Invitation from Armstrong: fund-raising
Of course I accepted General Armstrong’s invitation, and went to Hampton immediately. On arriving there I found that the General had decided to take a quartette of singers through the North, and hold meetings for a month in important cities, at which meetings he and I were to speak. Imagine my surprise when the General told me, further, that these meetings were to be held, not in the interests of Hampton, but in the interests of Tuskegee, and that the Hampton Institute was to be responsible for all the expenses.
Although he never told me so in so many words, I found that General Armstrong took this method of introducing me to the people of the North, as well as for the sake of securing some immediate funds to be used in the erection of Alabama Hall. A weak and narrow man would have reasoned that all the money which came to Tuskegee in this way would be just so much taken from the Hampton Institute; but none of these selfish or short-sighted feelings ever entered the breast of General Armstrong. He was too big to be little, too good to be mean.
After that kindly introduction I began going North alone to secure funds. During the last fifteen years I have been compelled to spend a large proportion of my time away from the school, in an effort to secure money to provide for the growing needs of the institution. In my efforts to get funds I have had some experiences that may be of interest to my readers.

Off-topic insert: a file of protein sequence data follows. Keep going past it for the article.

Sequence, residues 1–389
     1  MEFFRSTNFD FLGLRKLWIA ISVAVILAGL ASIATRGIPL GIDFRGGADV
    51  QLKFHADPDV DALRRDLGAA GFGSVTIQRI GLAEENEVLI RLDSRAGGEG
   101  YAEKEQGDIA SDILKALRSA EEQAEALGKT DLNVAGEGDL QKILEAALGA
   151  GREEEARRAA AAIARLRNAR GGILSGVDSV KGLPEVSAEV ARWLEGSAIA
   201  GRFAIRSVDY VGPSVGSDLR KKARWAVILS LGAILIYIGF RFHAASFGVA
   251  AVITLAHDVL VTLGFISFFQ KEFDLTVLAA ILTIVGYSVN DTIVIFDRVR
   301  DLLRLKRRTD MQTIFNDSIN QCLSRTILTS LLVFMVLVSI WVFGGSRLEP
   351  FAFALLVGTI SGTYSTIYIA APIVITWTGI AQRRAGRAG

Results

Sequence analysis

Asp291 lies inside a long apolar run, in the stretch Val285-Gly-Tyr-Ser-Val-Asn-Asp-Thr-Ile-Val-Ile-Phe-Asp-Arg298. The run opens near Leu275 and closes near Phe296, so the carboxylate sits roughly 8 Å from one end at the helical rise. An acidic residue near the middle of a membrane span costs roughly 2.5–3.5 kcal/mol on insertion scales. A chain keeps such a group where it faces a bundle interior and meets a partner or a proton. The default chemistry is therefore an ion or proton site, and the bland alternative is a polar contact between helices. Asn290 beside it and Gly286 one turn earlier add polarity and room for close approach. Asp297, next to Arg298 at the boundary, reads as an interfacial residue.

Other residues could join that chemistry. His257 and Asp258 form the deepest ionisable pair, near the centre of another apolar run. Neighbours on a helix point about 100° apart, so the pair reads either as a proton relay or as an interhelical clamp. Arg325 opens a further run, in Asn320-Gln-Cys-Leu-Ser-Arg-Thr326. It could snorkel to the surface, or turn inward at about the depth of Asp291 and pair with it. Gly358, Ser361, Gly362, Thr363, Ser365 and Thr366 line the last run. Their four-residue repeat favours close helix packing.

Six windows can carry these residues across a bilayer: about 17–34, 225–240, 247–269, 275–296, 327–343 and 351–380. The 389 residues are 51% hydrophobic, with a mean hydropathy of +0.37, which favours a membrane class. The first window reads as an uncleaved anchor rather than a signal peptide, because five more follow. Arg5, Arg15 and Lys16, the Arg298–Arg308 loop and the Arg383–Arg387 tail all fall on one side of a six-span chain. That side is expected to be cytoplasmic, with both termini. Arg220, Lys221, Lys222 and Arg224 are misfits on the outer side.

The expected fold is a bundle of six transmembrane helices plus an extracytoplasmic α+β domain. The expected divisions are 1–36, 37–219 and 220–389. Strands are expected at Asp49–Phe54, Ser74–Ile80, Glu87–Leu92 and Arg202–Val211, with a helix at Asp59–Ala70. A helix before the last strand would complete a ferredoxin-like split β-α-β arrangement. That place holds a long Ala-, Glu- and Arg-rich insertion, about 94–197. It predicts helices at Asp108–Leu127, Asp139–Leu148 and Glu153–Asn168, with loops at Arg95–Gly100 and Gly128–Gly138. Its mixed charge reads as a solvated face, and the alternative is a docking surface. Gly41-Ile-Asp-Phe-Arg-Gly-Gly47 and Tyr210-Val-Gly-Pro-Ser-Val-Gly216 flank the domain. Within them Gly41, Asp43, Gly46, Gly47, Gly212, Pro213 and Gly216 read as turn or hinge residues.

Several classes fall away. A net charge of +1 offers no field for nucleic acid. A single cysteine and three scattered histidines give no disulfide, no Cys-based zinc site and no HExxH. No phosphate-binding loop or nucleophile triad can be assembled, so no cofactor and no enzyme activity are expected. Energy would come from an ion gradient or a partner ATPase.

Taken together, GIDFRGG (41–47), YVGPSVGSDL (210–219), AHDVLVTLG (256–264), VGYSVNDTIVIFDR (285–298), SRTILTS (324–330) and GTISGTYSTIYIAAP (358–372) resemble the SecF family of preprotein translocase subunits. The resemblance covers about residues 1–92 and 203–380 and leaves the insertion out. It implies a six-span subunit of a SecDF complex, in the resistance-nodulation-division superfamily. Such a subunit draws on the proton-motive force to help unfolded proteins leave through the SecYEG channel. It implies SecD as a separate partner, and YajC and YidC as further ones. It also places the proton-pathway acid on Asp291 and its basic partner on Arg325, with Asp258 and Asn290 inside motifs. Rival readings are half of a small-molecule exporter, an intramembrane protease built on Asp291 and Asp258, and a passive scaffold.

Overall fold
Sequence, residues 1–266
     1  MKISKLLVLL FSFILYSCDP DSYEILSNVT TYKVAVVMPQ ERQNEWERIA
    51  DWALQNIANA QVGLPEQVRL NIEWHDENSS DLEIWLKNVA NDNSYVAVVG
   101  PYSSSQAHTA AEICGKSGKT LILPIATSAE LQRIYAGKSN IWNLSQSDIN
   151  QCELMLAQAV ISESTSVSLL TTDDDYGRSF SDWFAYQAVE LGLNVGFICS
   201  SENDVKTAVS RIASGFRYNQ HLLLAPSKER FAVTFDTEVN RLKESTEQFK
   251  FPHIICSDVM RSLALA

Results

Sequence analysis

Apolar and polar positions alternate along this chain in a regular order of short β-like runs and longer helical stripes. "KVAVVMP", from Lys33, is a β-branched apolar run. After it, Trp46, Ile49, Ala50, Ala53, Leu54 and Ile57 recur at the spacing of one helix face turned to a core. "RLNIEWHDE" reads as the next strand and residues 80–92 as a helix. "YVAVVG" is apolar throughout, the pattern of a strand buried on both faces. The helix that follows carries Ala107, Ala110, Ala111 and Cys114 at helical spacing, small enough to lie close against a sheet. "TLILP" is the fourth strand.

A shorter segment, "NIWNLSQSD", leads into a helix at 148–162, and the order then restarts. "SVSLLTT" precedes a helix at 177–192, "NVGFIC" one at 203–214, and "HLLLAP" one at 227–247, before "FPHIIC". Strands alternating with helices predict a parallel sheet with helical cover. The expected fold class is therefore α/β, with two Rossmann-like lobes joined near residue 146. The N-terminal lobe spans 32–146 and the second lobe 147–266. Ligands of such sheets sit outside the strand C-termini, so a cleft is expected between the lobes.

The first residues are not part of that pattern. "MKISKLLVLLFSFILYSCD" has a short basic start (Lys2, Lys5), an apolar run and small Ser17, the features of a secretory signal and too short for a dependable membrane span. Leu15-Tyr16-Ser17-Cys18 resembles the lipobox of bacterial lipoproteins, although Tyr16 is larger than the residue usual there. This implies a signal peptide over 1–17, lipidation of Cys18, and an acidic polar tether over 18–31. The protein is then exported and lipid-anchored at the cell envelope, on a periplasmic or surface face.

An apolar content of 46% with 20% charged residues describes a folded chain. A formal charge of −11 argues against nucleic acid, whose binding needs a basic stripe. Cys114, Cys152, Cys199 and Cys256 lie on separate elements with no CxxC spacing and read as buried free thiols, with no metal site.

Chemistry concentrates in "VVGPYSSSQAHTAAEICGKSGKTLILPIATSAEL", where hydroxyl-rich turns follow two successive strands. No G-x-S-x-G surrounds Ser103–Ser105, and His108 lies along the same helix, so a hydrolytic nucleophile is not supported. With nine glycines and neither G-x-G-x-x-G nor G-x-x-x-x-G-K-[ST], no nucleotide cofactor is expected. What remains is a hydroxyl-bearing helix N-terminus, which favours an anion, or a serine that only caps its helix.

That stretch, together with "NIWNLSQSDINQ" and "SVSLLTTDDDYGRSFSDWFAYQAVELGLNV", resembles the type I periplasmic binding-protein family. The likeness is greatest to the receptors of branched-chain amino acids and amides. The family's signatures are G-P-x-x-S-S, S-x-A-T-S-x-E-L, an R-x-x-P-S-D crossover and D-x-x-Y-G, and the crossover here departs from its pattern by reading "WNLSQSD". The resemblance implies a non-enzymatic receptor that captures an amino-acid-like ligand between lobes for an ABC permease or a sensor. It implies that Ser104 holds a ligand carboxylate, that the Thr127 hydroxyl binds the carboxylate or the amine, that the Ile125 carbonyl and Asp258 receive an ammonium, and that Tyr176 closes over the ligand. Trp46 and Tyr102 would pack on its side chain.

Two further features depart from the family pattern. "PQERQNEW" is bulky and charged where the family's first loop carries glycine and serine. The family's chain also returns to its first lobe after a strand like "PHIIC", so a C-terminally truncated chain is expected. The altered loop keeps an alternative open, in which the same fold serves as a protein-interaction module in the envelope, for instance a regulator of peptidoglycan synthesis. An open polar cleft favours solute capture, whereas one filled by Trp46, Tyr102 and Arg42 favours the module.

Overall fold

Time and time again I have been asked, by people who are trying to secure money for philanthropic purposes, what rule or rules I followed to secure the interest and help of people who were able to contribute money to worthy objects. As far as the science of what is called begging can be reduced to rules, I would say that I have had but two rules.
First, always to do my whole duty regarding making our work known to individuals and organizations; and, second, not to worry about the results. This second rule has been the hardest for me to live up to. When bills are on the eve of falling due, with not a dollar in hand with which to meet them, it is pretty difficult to learn not to worry, although I think I am learning more and more each year that all worry simply consumes, and to no purpose, just so much physical and mental strength that might otherwise be given to effective work.
In order to be successful in any kind of undertaking, I think the main thing is for one to grow to the point where he completely forgets himself; that is, to lose himself in a great cause. In proportion as one loses himself in the way, in the same degree does he get the highest happiness out of his work.
Although it has been my privilege to be the medium through which a good many hundred thousand dollars have been received for the work at Tuskegee, I have always avoided what the world calls “begging.” I often tell people that I have never “begged” any money, and that I am not a “beggar.” My experience and observation have convinced me that persistent asking outright for money from the rich does not, as a rule, secure help.